Published on December 18, 2012 by Amy
The Washoe Tribe of Nevada and California are a federally recognized tribe of Washoe Indians, living in California and Nevada. They are several communities south and east of Lake Tahoe united under a tribal council. The tribe owns over 64,300 acres (260 km2) in different parcels.
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The tribe is headquartered in Gardnerville, Nevada and governed by a democratically elected twelve-member tribal council and chairman, which meet on a monthly basis. Chairmen serve four-year terms.
The current administration is as follows:
Established in 1917, the 16-acre (65,000 m2) community had 275 resident members in 1991. This colony is located in Carson City, Nevada and owns a gymnasium for recreation, youth programs, and hosting tribal events. They have four community representatives.
This is the largest Washoe community in population. 348 members lived there in 1991. It is located on 90 acres (360,000 m2) in Gardnerville near the Gardnerville Ranchos. Most of the tribe’s public buildings are here, including a community center, gymnasium, and park. They have five community representatives.
Located at the south side of Carson City, this community was established in 1990, has 2,960 acres (12.0 km2), with 90 members. They have the Stewart Community Center. Their five community representatives are chaired by Wanda Batchelor.
This 95-acre (380,000 m2) ranch in Carson Valley was purchased by the tribe in 1938 and 1940. There the tribe collectively raised hogs, sheep, and a herd of dairy cows. They grew potatoes and peaches. When farm production decreased in the 1950s, the land was temporarily leased to non-Native farmers.
The only community in California, Woodfords Community is located in Markleeville. They have the Woodfords Indian Education Center and a community center. Their five community representatives are chaired by DeAnn Roberts. Established in 1970, the 80-acre (320,000 m2) community had 338 resident members in 1991.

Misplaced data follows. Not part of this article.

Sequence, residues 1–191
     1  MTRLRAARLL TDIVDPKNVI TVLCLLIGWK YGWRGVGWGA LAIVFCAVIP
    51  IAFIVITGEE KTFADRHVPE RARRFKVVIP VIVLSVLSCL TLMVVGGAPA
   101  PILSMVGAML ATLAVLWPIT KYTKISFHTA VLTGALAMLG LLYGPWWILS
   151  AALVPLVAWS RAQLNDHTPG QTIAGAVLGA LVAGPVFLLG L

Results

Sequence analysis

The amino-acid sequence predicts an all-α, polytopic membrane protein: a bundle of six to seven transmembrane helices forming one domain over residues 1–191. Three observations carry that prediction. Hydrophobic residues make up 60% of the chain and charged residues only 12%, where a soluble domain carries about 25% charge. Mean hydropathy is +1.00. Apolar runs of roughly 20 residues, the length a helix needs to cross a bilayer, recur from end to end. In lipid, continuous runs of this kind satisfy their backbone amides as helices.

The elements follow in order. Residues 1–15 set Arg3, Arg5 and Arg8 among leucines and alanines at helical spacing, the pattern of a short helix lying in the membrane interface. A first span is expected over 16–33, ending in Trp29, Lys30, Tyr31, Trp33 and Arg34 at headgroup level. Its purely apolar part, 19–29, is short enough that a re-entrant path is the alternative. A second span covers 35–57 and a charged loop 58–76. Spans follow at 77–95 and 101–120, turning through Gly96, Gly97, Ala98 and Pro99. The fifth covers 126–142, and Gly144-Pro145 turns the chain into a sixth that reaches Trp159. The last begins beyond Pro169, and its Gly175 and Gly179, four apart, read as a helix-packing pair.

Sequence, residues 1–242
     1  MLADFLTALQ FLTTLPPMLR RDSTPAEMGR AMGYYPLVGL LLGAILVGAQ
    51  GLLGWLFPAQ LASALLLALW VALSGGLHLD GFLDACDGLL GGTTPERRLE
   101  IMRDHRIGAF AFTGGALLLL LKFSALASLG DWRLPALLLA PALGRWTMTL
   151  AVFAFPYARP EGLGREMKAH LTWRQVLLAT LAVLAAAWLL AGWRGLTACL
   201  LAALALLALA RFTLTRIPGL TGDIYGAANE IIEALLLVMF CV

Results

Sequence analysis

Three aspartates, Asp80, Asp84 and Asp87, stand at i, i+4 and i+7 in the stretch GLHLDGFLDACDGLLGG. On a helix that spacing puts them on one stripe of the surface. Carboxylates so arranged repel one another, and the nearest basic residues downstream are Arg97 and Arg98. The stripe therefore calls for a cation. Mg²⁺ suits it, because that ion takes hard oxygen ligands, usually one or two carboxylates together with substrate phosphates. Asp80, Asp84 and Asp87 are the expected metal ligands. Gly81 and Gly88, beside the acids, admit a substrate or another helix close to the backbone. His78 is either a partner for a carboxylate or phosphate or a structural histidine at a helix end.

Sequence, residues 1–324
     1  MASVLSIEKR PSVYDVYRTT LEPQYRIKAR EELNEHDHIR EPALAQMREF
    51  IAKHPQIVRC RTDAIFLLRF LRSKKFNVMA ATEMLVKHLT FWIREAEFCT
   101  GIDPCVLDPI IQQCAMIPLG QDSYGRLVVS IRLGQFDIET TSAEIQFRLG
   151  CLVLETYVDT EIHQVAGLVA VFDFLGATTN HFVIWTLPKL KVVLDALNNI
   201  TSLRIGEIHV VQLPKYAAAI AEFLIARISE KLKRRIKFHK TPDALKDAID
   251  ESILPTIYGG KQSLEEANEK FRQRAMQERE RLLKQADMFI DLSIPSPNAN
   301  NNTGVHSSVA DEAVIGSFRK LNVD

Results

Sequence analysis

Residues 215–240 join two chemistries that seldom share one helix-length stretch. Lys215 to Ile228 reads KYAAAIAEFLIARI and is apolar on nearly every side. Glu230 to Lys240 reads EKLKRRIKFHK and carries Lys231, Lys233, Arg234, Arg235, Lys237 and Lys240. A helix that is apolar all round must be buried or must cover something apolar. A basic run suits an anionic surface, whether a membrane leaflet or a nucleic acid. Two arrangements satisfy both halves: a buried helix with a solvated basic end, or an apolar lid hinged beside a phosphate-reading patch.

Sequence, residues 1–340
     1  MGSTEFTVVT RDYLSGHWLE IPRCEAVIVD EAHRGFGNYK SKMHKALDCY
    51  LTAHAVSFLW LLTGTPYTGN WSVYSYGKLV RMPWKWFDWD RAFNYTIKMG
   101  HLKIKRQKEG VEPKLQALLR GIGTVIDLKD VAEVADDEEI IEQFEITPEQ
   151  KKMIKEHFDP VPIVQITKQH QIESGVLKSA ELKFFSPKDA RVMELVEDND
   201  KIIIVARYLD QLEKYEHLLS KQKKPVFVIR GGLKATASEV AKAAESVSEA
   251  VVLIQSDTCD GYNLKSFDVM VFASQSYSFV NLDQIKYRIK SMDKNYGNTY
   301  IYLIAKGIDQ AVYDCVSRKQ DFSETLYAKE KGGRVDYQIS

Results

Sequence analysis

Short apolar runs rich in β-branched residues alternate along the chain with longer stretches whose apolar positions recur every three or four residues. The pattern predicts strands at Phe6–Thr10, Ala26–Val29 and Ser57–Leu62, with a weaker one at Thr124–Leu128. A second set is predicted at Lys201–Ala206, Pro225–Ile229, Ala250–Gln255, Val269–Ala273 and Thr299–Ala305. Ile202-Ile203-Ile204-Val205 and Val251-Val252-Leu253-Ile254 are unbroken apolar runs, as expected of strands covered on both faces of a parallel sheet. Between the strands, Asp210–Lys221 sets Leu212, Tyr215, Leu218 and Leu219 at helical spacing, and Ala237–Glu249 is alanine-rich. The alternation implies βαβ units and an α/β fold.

The California Gold Rush brought an influx of European-American settlers in the mid-19th century. Calls for the establishment of a Washoe reservation and compensation for lost resources, such as the piñon crop, were ignored by the US in the late 19th century. Under the Dawes Act of 1887, Washoes lands were broken up into individual allotments; however, instead of the tribe retaining valuable lands in the Pine Nut Mountains, the allotted sections were typically barren lands with no access to water. The better lands were taken by non-Indians.
In the early 20th century, Washoes worked as ranch hands, as construction workers, domestic servants, or laundry workers. Cattle ranchers leased Washoe land for minimal amounts of money. In 1917, the US government, despite local protest, purchased a tract of land for the Washoe, that became the Carson Colony. A rancher donated 40 acres (160,000 m2), also in 1917, that became the Dresslerville Colony. The novel Rabbit Boss by Thomas Sanchez depicts the evolving circumstances of tribal members over a 100-year span ending in the mid-20th century.
Under the Indian Reorganization Act, the colonies in the Carson Valley area wrote a new constitution and by-laws, which they ratified on December 16, 1935. They gained federal recognition on January 24, 1936.
In 1948, the tribe began preparing a case for the Indian Claims Commission. They files Washoe Case #288 before the ICC in 1951, asking for $43.8 million for land, fishing and hunting rights, minerals, and timber that had been wrongly taken from the tribe, plus interest accrued since 1863. The case was finally settled in 1970, when the tribe was only awarded $5 million.
In the 1960s, John Henry Dressler helped to form the Inter-Tribal Council of Nevada, a liaison between tribal, state, and federal agencies. Since 1966, the council has nine representatives: two from Dresslerville Colony, two from Woodfords Colony, one from the Washoe of Reno Sparks Colony, and two from off-reservation areas.